Tuesday, October 11, 2011

Cheap but Good Point and Shoot for Serious Photographers

My wife wanted a new camera for those occasions when I wasn't available to take photos.  I also liked the idea of having a small point-and-shoot when the situation didn't warrant bringing my DSLRs, but I wanted one that had at least decent image quality.

If money were no object, I would like to get a Fuji X100, which has already received accolades from many pro photographers such as Neil van Niekerk and Zack Arias.  My wife (non-photographer) loved the retro design but I felt that $1300+ for a camera for casual shooting was way too much.

I also considered the Fuji X10 (available Nov. 2011).  I was even more interested in it than the X100 because of the lower price and more useful focal focal length range (35mm vs. 28-112mm).  But the cost is still substantial -- $600.  Too much for our limited purposes.  That could buy a lot of stuff for our kids!
Even the Canon G12 (around $450 at Amazon) or the Nikon P7100 ($500) are outside our budget.  Ditto with the Canon S100 ($429 at Amazon) and Panasonic LX5 ($370 at Amazon).  Too bad - the P7100 hotshoe would have been nice (I have a TTL cord, which would have allowed easy off-camera lighting).  We needed something more affordable but still had decent image quality.

I then looked at the Canon S95 ($320 at Amazon).  The S95 is a good choice because of its low noise sensor.  For more experienced photographers like me, it also has great controls for a point and shoot, offering many of the adjustments I've come to rely on in a DSLR.  It even has a nifty control ring around its lens (the function of the ring can be set in the menu).  I even recommended the S95 to a friend who was looking for a point-and-shoot.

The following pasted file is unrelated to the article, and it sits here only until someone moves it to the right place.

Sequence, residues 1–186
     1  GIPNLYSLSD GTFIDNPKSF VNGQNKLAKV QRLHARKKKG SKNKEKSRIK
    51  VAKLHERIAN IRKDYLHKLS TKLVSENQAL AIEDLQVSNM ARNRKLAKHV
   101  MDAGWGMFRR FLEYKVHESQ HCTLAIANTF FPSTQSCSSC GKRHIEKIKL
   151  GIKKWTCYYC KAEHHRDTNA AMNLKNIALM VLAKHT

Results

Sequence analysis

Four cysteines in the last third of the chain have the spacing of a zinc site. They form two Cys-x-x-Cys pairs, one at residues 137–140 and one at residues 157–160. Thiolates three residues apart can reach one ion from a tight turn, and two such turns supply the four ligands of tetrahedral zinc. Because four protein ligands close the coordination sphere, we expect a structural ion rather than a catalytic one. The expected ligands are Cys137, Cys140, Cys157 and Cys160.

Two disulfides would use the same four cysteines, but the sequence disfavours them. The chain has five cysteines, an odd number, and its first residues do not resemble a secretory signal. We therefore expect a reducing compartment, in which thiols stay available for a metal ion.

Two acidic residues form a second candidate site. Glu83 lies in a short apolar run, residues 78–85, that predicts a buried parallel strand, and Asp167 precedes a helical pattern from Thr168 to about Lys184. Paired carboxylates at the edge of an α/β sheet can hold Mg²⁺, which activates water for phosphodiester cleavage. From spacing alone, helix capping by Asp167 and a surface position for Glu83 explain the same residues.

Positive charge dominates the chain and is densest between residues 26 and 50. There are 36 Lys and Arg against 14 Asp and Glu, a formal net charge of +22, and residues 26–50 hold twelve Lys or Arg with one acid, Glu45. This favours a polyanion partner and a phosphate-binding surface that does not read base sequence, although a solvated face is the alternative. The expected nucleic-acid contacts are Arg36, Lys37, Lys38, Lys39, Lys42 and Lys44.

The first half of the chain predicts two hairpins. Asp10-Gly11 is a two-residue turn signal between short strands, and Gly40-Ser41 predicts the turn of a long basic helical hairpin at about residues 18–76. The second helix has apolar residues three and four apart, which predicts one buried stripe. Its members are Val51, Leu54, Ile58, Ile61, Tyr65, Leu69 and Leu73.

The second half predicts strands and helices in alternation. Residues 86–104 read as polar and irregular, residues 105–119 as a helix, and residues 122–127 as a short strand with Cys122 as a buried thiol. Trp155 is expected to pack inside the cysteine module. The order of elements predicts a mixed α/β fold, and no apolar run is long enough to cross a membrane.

I looked around for possible lower-cost alternatives to the S95.  I looked closely at the Canon SD4000 ($200 at Amazon) and Nikon P300 ($260 at Amazon). The latter two offer some similarities to the S95:

1. Image quality:
Based the dpreview tests, S95 is hands-down the winner.  It has less noise and more detail.  However, in my eyes, the SD4000 isn't far behind the S95, with just slightly less detail.  And the P300 isn't quite as good as the SD4000 but I'm not a pixel peeper.  In my opinion, the P300 image quality is close enough to that of the S95 and SD4000.

2. PASM.
Correction: the S95 and P300 have PASM.  The SD4000 is limited to PAS - see comment below.

3. Wide angle:
The S95 and SD4000 go as wide as 28mm. The P300 goes to 24mm.  Note: The SD4500 has a 10x zoom range from 36-360mm but wide angle is more important for me than a long tele length, that's why I didn't even consider the SD4500.

4. Decent aperture range.
The S95 and SD4000 go as wide as f/2.0 at their widest angle.  The P300 is as wide as f/1.8 at 24mm.

Other than the price, here are the differences that I found most significant.

1. Raw mode.
The S95 can take photos in raw.  The SD4000 and P300 can only shoot in JPEGs.  Why is this important? See mshafik's post "Raw vs. JPEG: Myth or Fact" http://betterfamilyphotos.blogspot.com/2011/05/raw-vs-jpeg-myth-or-fact-definitive.html

2. 1080p video.
The P300 can shoot at 1080p at 30fps in stereo, with optical zoom capability.
(The SD4000 can shoot at 720p at 30fps, while the S95 can shoot at 720p at 24fps).

3. Slow motion video.
The P300 can shoot at 120fps at 640x480.
The SD4000 can shoot at 240fps at 320x240.
Ever since the Casio F1 came out, I had been dreaming about taking smooth slow motion videos... :)

4. High speed continuous shooting.